A federal judge in Chicago held that a grocery store’s full-page magazine “ad” congratulating Michael Jordan on his election to the Basketball Hall of Fame was noncommercial speech entitled to full First Amendment protection. The page appeared in a commemorative issue of Sports Illustrated dedicated to Jordan, and included a pair of basketball shoes emblazoned with Jordan’s #23, the Jewel-Osco logo and slogan, “Good things are just around the corner slogan,” and a congratulatory message that read:
“A Shoe In! After six NBA championships, scores of rewritten record books and numerous buzzer beaters, Michael Jordan’s elevation in the Basketball Hall of Fame was never in doubt! Jewel-Osco salutes #23 on his many accomplishments as we honor a fellow Chicagoan who was 'just around the corner' for so many years.”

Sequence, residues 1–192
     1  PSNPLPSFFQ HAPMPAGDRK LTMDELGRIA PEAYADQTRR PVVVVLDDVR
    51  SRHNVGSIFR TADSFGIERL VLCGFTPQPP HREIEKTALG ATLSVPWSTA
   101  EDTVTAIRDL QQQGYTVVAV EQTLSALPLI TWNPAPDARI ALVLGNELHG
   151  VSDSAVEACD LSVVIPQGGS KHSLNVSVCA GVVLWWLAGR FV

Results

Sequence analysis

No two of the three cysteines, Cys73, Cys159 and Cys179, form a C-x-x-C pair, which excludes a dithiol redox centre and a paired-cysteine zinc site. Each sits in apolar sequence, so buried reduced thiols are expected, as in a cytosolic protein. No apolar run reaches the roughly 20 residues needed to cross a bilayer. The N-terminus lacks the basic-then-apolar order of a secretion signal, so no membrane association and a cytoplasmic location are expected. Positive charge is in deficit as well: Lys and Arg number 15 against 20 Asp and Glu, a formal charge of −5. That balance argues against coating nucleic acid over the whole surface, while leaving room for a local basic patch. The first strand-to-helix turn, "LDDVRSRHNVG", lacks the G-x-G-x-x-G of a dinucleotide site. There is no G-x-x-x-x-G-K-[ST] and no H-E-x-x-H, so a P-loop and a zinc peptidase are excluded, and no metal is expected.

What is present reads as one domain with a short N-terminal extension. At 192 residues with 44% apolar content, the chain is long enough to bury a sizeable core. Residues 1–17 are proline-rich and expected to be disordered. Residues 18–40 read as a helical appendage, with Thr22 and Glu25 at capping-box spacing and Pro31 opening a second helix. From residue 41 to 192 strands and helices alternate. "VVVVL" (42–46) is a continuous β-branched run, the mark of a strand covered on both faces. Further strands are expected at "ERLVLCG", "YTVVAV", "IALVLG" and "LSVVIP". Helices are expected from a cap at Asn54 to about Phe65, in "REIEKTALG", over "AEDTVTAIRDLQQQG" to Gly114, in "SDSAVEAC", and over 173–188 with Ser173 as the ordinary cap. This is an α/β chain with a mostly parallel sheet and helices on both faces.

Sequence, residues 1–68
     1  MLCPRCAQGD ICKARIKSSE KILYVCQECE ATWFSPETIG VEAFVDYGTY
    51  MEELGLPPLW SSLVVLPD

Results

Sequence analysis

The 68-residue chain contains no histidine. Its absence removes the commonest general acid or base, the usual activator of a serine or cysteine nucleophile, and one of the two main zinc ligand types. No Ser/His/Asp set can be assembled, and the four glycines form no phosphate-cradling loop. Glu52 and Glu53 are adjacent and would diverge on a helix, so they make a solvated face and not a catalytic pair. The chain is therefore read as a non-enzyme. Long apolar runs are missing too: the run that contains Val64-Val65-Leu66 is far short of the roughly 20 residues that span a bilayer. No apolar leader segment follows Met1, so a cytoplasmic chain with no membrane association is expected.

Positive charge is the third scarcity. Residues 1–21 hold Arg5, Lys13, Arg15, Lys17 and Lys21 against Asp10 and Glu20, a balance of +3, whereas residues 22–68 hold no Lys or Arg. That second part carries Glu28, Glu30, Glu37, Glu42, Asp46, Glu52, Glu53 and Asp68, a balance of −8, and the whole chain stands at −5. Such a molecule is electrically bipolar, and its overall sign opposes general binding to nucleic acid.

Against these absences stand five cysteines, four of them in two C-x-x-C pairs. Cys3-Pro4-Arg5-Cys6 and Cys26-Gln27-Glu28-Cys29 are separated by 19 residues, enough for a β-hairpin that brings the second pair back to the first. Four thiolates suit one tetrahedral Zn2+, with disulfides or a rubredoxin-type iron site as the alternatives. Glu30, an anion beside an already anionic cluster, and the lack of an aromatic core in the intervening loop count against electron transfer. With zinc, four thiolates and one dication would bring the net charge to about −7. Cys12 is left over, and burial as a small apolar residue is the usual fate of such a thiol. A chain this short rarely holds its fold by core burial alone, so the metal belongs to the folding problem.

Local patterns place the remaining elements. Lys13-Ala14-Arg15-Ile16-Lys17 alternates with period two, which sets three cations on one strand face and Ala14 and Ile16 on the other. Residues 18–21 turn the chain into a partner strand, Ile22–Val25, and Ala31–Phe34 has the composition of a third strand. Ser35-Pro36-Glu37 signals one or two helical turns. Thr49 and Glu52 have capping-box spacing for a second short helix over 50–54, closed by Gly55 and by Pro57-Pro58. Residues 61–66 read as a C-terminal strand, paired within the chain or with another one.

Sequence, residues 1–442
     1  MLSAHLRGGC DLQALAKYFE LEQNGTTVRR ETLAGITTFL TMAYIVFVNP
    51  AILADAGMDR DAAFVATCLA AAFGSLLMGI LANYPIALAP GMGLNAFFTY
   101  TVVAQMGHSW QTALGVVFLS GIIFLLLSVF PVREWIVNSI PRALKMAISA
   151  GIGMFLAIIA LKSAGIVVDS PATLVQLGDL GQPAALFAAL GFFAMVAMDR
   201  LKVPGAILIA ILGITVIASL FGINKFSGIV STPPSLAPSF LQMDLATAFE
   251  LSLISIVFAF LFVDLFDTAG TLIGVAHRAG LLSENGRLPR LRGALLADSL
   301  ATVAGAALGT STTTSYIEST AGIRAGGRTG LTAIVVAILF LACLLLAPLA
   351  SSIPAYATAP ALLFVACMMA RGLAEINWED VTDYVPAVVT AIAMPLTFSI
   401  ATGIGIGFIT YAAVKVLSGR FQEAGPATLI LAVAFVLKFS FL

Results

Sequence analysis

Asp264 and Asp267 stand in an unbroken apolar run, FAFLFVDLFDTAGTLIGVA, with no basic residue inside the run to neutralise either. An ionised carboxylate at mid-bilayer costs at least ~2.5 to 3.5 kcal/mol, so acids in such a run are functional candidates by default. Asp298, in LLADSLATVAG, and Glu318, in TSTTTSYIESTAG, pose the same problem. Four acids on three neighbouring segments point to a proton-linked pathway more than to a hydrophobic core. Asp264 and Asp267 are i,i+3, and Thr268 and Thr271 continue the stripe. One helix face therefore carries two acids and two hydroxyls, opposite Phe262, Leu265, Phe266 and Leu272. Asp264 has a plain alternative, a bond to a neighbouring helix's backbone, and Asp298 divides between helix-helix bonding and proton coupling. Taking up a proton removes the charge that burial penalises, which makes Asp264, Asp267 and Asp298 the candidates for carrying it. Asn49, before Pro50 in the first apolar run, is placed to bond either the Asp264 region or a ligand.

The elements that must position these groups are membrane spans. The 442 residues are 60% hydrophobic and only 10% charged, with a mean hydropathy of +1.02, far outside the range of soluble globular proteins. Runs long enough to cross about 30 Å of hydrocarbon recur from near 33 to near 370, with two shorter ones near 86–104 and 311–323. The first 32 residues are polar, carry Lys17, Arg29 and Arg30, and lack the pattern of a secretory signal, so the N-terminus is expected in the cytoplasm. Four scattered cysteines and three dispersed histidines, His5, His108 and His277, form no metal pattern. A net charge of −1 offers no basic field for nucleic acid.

The court reinforced that a company’s speech is not automatically deemed commercial just because the company has an inherent profit motive in everything it does and says. Here, the court considered that Jewel-Osco did not pay for placement of the page in the magazine as it would in traditional media (it was provided gratis by Sports Illustrated in exchange for Jewel agreeing to stock the magazine in a prominent in-store location), and that the ad did not mention a specific product, only the Jewel logo and slogan.
Given the increasing ease with which social media allows companies to have natural conversations with consumers and celebrities, this decision gives an important reminder that for-profit companies can still engage in protected noncommercial speech, within certain boundaries. The decision also reinforces how critical it is to examine the details of a specific use to determine whether it is entitled to First Amendment protection. The decision is Jordan v. Jewel Food Stores, Inc., No. 10-C-340 (N.D. Illinois Feb. 15, 2012).